Zelda: Skyward Sword Impressions
My perception of the new Zelda went through some changes as I ran through the day. Despite the new Wii MotionPlus controls and a couple new items, I was concerned about the sameness of the game compared to Twilight Princess when we saw it at the press conference. If there's one series that needs more than just iteration and tweaks, it's the Zelda franchise. Going hands-on at Nintendo wasn't helping matters. I was doing alright with the new 1:1 controls, but with some enemies needing to be slashed in a certain direction to breach their defense, I was missing more than I was hitting. Later in the day I ran into 1Up's Jeremy Parish and he said he had no issues at all, so it's possible I just sucked.
One aspect that the new combat brings to the game that I do like is the almost puzzle-like way that fights play out. Enemies we constantly changing their blocking schemes, forcing you to switch from side to overhead slashes to land clean hits. When it worked, it felt good and had a better hook than just flicking your wrist randomly to slash over and over again.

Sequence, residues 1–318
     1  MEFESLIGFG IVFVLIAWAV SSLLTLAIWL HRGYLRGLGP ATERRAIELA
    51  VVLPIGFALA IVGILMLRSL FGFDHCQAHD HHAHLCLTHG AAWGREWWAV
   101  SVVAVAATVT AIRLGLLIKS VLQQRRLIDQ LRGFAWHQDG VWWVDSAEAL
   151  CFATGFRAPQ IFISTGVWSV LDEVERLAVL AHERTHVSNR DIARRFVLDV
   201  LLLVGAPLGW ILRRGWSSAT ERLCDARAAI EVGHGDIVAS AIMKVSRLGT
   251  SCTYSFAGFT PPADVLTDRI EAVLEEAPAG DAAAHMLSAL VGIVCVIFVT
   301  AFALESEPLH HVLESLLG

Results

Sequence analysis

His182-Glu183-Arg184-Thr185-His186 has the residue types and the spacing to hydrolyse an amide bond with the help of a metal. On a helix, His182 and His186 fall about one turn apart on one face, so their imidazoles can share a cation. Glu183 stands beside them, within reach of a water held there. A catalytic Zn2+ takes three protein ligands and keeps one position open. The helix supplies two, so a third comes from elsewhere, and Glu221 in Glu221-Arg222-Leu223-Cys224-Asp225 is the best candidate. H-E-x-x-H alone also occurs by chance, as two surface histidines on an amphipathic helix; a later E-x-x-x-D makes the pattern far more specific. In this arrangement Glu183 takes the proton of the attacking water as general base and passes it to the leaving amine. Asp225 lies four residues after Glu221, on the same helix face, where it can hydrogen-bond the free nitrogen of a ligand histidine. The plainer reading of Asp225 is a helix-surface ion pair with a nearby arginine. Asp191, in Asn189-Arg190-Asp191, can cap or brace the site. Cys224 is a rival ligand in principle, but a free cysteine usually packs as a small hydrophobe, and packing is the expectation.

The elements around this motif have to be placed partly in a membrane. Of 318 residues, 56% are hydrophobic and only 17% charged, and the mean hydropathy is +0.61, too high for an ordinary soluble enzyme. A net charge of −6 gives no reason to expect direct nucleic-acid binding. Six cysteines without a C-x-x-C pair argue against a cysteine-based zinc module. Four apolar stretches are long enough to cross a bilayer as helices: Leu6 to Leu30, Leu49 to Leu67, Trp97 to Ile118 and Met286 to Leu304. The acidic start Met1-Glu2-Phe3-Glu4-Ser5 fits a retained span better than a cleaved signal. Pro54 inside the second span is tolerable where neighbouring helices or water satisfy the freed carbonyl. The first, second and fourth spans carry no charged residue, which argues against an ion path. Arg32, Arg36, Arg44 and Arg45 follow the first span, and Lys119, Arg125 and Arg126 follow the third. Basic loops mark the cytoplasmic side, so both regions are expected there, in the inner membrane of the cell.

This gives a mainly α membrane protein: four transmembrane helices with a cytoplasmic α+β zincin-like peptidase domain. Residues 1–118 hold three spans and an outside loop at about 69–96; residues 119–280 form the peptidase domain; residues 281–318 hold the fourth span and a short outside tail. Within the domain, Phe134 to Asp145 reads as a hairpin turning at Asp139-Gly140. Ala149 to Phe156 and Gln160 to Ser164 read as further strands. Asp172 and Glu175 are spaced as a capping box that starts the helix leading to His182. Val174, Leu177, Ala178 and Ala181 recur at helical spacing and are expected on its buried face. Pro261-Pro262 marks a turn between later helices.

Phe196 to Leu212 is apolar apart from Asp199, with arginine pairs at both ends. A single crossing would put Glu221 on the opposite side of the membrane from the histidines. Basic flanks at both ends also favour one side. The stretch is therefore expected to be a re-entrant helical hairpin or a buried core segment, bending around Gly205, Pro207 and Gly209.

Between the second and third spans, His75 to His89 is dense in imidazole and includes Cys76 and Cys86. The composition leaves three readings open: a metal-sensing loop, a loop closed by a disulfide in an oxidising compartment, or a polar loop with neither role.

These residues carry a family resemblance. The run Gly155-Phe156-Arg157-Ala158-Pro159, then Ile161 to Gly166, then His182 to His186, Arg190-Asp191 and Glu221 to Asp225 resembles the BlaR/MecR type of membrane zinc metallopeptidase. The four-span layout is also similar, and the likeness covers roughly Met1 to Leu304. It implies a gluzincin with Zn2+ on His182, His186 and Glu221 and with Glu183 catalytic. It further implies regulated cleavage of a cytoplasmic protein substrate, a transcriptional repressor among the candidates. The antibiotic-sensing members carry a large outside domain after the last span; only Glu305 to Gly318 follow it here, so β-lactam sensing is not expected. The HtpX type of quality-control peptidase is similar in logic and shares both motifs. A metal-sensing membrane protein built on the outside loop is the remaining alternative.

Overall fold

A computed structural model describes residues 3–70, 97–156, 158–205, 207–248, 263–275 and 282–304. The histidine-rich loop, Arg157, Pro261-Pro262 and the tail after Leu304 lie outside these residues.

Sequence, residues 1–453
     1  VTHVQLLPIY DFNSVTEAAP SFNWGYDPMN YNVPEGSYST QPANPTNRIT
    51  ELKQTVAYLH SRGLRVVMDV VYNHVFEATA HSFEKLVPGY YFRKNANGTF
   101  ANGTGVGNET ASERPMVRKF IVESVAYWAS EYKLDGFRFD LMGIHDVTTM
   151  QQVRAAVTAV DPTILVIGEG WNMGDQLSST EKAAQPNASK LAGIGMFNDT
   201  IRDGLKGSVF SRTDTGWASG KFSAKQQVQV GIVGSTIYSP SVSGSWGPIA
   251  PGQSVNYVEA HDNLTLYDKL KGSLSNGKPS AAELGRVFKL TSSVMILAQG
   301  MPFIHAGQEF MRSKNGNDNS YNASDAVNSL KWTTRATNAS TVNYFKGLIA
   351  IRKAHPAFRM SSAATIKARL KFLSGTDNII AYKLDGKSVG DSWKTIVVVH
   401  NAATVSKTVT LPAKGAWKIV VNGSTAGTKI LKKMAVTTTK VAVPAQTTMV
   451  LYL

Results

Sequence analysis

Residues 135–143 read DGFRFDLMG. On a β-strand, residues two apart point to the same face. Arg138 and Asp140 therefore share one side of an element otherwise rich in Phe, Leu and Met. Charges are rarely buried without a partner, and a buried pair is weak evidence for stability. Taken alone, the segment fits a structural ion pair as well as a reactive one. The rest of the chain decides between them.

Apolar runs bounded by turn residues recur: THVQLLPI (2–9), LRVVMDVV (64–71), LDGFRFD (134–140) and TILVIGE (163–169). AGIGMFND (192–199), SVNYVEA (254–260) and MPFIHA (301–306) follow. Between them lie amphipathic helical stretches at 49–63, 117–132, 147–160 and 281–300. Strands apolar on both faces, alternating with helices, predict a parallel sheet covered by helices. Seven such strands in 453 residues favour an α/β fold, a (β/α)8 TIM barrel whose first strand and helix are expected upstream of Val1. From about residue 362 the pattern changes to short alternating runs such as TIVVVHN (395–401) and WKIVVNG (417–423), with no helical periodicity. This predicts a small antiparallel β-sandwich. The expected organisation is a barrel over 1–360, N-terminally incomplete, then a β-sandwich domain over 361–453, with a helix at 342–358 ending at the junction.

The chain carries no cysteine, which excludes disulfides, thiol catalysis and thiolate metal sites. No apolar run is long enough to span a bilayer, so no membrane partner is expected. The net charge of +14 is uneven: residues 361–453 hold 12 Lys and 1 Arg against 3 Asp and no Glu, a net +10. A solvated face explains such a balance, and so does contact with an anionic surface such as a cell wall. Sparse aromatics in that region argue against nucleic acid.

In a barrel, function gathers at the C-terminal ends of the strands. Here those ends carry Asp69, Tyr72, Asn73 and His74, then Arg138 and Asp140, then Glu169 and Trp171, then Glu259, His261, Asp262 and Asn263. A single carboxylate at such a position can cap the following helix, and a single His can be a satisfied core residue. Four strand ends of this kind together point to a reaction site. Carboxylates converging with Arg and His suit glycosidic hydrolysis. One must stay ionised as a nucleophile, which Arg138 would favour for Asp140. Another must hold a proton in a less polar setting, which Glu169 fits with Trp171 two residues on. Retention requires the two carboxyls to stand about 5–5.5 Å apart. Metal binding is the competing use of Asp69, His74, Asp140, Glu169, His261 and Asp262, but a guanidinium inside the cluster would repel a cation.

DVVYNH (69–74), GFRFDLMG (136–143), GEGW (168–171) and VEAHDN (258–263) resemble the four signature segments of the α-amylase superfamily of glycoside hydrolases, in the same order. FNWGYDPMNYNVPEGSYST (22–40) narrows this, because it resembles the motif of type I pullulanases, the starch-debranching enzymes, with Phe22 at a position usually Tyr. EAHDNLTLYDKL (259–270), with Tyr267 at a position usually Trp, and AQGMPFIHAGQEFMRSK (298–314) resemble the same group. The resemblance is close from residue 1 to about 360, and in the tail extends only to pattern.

In the evening I attended the Nintendo developer roundtable and they had a Treehouse employee playing the game during the talk. He was running through the game with a ton of precision and didn't seem to be doing anything different than I was. It was clear to me that in had I been given some time to adjust, I'd likely be on the right track.
Even after hearing more about the game straight from Shigeru Miyamoto and his cohorts I'm still not seeing a lot to differentiate Skyward Sword from the Zelda games we've been playing for the past decade. As if to underline this, we also had a look at Ocarina of Time running on the 3DS in canned video form. It certainly looked impressive, but I couldn't help but think that we've drawn from this same well for so long, it may be close to running dry.
At the roundtable, they expanded on the story but there's still a lot we don't know about how it will impact the game. This time, Link grows up in a sky town and has no real concept of what great evil lurks on the ground. His going back and forth between the sky and the ground plays a big role in the game, but we don't know if it's just a new twist on galloping a horse across the plains or something else entirely. Allusions were definitely made that all the "expected elements of a Zelda game" will still be there, so I'm not holding my breath.
All told, the art style looks better the longer I stare at it and the new controls and items should be enough to please most players -- myself included. I was hoping for more of a reboot but it's pretty clear that Nintendo is happy just putting new icing on the same old cake. It's pretty good damn cake, mind you, but how about some of that pioneering spirit from the DS games on the home console?